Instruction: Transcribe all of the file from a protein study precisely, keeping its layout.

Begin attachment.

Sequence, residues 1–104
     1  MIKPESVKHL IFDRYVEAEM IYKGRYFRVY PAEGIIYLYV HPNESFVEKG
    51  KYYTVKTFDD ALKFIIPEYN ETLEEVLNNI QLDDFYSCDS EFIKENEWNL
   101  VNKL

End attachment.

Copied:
Sequence, residues 1–104
     1  MIKPESVKHL IFDRYVEAEM IYKGRYFRVY PAEGIIYLYV HPNESFVEKG
    51  KYYTVKTFDD ALKFIIPEYN ETLEEVLNNI QLDDFYSCDS EFIKENEWNL
   101  VNKL